The U.S. presidential election is experiencing a sickening case of Islamophobia among some Republican candidates, in violation of the foundations upon which American society was built. In the past few weeks, the Republican candidate who is leading in the polls, Donald Trump, demanded a special record of all Muslims in the United States, including American Muslim citizens. Then, he demanded that no Muslims be allowed to enter the United States. Remember what America did to its citizens of Japanese origin when they put them under house arrest in military camps after the attack on Pearl Harbor during World War II? Even the other Republican candidates have strongly criticized this claim, which reeks of hateful racism against Muslims.
How has the U.S. presidential election evolved to the point at which we now see people of such extremism, like Trump, take the lead of a party?
Over the past several decades, the Republican Party has gradually turned ultraconservative. It has narrowly boxed itself in, in terms of its inability to win over a large segment of voters, including women, Americans of Hispanic descent (who now make up 17 percent of the population), Americans of African descent (who now make up 13 percent of the population), and Jews (who do not just vote based on a candidate’s support of Israel, but on multiple social and economic issues, and most of them are traditional supporters of the Democratic Party by 70-80 percent). This means the party increasingly has become a party of white men, who account for a gradually decreasing portion of the population.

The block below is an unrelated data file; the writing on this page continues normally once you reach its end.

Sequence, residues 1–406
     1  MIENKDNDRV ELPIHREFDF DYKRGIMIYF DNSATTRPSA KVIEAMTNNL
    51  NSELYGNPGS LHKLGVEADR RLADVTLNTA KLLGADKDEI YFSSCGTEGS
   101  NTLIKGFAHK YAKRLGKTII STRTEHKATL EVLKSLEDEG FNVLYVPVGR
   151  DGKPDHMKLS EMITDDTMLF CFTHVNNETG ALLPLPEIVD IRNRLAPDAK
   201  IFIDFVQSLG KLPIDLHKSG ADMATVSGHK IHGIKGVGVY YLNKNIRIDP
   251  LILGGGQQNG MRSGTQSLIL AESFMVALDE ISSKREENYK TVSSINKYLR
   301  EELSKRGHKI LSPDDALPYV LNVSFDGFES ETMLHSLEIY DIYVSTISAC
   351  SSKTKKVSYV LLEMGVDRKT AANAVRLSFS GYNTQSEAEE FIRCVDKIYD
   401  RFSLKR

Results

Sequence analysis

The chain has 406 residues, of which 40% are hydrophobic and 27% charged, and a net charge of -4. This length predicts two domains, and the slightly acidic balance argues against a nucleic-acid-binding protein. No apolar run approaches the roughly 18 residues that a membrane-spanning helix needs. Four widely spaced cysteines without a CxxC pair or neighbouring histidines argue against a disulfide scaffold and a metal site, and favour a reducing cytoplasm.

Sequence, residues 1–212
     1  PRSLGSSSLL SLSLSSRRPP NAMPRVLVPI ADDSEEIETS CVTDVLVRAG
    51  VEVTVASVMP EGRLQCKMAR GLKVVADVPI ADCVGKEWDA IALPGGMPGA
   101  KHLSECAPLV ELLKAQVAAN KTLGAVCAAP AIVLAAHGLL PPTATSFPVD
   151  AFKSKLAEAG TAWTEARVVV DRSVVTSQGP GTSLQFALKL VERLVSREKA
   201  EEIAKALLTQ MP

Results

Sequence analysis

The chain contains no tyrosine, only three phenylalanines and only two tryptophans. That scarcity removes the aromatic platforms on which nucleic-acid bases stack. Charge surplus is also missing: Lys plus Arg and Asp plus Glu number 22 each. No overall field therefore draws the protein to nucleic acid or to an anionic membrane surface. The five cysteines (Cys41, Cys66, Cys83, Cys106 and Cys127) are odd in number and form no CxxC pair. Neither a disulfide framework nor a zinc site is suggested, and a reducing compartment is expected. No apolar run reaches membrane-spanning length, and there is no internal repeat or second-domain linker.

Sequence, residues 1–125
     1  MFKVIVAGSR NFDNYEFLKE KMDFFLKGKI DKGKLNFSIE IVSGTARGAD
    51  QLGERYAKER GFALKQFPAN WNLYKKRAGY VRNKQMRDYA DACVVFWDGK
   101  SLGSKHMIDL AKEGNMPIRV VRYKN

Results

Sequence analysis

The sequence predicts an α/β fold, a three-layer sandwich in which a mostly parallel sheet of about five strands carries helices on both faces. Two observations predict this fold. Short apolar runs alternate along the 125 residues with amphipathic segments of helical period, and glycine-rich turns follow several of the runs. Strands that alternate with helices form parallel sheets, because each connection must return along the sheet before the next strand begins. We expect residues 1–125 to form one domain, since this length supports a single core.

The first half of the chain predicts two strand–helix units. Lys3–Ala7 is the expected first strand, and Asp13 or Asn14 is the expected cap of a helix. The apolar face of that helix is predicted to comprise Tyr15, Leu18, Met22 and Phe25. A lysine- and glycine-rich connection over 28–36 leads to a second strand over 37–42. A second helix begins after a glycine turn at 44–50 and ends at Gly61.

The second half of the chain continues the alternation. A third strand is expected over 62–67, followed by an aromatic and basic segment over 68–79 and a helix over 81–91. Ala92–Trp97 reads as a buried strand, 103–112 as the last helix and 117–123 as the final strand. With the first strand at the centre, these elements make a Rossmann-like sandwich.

After the recent emergence of the tea party, a party that has a conservative orientation and competes from inside the Republican Party to win conservative votes, the process of directing the Republican Party to the extreme right has accelerated. Now, its presidential candidate is put in a situation where he has to take extreme positions in order to win the party nomination. However, extreme positions will work against him in the general election because the majority of American society is concerned with domestic issues. Of course, congressional elections differ because they depend on other factors, including geographical and demographic divisions. This analysis is limited to the presidential election, where the Republican candidate has gotten into a situation that will make it difficult to achieve an easy win, unless special circumstances arise, such as the security threat the United States felt after the events on Sept. 11. It should be noted here that the Islamic State does not represent a significant security threat, even after the recent terrorist incident, which claimed the lives of 14 people in California. President Obama has repeatedly stated this point.
Another important factor, which has evolved over the past several decades, is the increasingly expensive U.S. presidential election. A candidate requires over $1.5 billion to compete in the election — a fictional amount. The ability of a candidate and his party to collect such funds, and not only his qualification for leadership for example, has a significant impact on the winner.
As for the Middle East, the overwhelming majority of Americans, across the political spectrum, do not want an on-the-ground military intervention after the war in Iraq. Therefore, little will differ in the policy of Obama’s successor from the policy of the current administration concerning Syria or the war on the Islamic State group, for example, regardless of who wins the election.
To recap, with the exception of the important event in the coming year, whoever wins the Republican nomination for the presidential election will not be able to win over the majority of the American people (there, the majority is determined by only a few percentage points, not the 99-percent majority we are used to in our region). If we add this to Hillary Clinton’s enormous financial and organizational ability and the assistance of her husband, as well as the lack of an effective competitor within the Democratic Party, the next U.S. president will be Hillary Clinton.
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